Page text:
Applications of Particle Counters - - - - - - - - - - - - - - - - - - - - - - - - - - - - - - - - - - - - - - - - - - - 27Trend Tracking - - - - - - - - - - - - - - - - - - - - - - - - - - - - - - - - - - - - - - - - - - - - - - - - - - - - - - 27Statistically Valid Sampling - - - - - - - - - - - - - - - - - - - - - - - - - - - - - - - - - - - - - - - - - - - - 27Data Normalization - - - - - - - - - - - - - - - - - - - - - - - - - - - - - - - - - - - - - - - - - - - - - - - - - -27

    Hardware and Accessories - - - - - - - - - - - - - - - - - - - - - - - - - - - - - - - - - - - - - - - - - - - - - - - - - 29Airborne Particle Counters- - - - - - - - - - - - - - - - - - - - - - - - - - - - - - - - - - - - - - - - - - - - - 29

    Handheld Airborne Particle Counter- - - - - - - - - - - - - - - - - - - - - - - - - - - - - - - - - - 30Aerosol Manifolds - - - - - - - - - - - - - - - - - - - - - - - - - - - - - - - - - - - - - - - - - - - - - - - - 30Sampling Probes- - - - - - - - - - - - - - - - - - - - - - - - - - - - - - - - - - - - - - - - - - - - - - - - - 31High Pressure Diffusers - - - - - - - - - - - - - - - - - - - - - - - - - - - - - - - - - - - - - - - - - - - - 31Environmental Sensors - - - - - - - - - - - - - - - - - - - - - - - - - - - - - - - - - - - - - - - - - - - - 31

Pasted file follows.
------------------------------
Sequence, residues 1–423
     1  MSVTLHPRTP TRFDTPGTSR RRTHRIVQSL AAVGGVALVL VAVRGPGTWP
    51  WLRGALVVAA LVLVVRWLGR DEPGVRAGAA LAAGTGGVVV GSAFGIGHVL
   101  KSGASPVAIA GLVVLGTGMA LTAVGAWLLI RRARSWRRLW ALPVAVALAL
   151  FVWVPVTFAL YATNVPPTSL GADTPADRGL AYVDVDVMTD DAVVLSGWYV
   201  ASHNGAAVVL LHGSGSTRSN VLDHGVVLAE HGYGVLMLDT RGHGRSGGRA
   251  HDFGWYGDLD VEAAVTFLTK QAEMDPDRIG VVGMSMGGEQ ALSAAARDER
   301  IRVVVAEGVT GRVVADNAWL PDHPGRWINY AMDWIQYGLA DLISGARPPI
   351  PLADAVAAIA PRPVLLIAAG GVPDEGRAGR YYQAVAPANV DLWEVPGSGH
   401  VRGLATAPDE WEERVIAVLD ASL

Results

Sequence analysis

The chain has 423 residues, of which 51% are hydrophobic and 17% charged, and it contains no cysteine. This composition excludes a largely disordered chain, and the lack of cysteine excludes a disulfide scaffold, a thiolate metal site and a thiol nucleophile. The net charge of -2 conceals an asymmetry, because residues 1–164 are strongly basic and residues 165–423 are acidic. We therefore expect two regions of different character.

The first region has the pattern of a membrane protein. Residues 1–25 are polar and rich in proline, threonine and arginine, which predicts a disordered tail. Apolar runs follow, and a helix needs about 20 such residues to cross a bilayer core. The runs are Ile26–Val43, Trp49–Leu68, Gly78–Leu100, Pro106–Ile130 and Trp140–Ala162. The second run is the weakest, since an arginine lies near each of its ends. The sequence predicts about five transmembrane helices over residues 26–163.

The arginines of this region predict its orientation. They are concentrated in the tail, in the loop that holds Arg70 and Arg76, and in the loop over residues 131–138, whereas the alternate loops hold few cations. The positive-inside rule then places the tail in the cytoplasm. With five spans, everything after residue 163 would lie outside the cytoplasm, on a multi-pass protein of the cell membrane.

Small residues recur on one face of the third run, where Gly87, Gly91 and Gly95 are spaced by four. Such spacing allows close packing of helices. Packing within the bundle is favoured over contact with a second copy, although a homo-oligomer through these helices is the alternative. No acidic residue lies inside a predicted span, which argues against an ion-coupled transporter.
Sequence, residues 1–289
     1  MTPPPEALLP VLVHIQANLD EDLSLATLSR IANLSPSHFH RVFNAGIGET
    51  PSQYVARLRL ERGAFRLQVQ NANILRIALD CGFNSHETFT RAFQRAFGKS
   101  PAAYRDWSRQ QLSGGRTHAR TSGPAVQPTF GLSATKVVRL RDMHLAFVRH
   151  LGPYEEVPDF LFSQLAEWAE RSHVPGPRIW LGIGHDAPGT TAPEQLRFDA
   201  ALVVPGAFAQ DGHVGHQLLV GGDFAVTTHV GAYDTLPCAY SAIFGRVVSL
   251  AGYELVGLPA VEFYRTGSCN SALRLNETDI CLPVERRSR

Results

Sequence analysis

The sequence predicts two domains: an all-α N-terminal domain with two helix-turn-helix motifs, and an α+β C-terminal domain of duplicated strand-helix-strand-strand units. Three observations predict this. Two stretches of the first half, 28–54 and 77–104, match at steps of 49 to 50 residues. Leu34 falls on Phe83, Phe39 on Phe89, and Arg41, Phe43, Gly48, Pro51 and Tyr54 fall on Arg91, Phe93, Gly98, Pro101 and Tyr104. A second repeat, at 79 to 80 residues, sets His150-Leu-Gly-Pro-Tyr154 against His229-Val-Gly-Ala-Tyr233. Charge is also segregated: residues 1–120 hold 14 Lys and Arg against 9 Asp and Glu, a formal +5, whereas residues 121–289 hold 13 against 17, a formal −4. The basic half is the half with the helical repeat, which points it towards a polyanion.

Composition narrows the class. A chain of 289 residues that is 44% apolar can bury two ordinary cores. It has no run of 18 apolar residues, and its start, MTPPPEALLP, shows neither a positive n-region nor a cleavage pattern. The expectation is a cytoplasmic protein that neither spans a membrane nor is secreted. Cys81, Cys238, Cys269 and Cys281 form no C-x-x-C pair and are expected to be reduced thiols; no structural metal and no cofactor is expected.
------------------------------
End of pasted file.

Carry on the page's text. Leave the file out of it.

Liquid Particle Counters- - - - - - - - - - - - - - - - - - - - - - - - - - - - - - - - - - - - - - - - - - - - - - - 32Liquid Samplers - - - - - - - - - - - - - - - - - - - - - - - - - - - - - - - - - - - - - - - - - - - - - - - - - 32Viewing Modules - - - - - - - - - - - - - - - - - - - - - - - - - - - - - - - - - - - - - - - - - - - - - - - - 32Corrosives and Plumbing - - - - - - - - - - - - - - - - - - - - - - - - - - - - - - - - - - - - - - - - - - 32Optics - - - - - - - - - - - - - - - - - - - - - - - - - - - - - - - - - - - - - - - - - - - - - - - - - - - - - - - - - 32Plumbing - - - - - - - - - - - - - - - - - - - - - - - - - - - - - - - - - - - - - - - - - - - - - - - - - - - - - - 32Chemical Compatibility- - - - - - - - - - - - - - - - - - - - - - - - - - - - - - - - - - - - - - - - - - - - 33